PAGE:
Luke Gilford grew up steeped in rodeo culture, but it wasn’t until 2016 that he stumbled onto the queer rodeo scene.The photographer and filmmaker spent the next four years documenting the subculture’s many varied angles, culminating in a stunning book called National Anthem.Now, folks in New York City can witness this “celebration of outsiders and the beauty of chosen families” in person at Gilford’s first exhibit in the city.
It runs from now through August 28 at SN37 Gallery (204 Front Street) in the Seaport.“The mainstream rodeo world is, you know, obviously, very homophobic and conservative,” Gilford told The Guardian. “There’s so much machismo.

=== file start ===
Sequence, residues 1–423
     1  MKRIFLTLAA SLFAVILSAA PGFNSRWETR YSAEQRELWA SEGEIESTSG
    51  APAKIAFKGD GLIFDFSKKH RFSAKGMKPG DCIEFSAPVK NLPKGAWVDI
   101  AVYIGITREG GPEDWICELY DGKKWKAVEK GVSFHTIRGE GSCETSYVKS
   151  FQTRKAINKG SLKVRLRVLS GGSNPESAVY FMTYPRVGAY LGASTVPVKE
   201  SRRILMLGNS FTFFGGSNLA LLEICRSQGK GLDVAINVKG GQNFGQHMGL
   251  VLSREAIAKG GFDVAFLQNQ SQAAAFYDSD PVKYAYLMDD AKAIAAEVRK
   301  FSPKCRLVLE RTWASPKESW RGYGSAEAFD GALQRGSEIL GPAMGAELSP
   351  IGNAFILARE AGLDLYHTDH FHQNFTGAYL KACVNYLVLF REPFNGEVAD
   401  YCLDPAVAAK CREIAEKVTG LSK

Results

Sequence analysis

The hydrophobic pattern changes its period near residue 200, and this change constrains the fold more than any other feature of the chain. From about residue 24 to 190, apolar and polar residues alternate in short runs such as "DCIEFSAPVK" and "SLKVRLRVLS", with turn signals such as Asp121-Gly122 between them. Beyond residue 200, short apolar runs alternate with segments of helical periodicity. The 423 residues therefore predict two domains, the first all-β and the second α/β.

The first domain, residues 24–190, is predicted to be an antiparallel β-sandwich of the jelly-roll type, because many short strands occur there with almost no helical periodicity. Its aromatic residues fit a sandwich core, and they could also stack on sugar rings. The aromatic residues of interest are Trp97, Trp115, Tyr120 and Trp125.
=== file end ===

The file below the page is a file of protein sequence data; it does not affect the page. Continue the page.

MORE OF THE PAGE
It’s racist.” For Gilford, then, the discovery of the more inclusive queer rodeo scene offered a kind of intrigue. “We all know what a rodeo is,” he observes, “and we all know what queer is.
We don’t think of them going together.”Speaking about the book’s title and inspiration, Gilford said: “We’re taught in school to recite the national anthem every morning.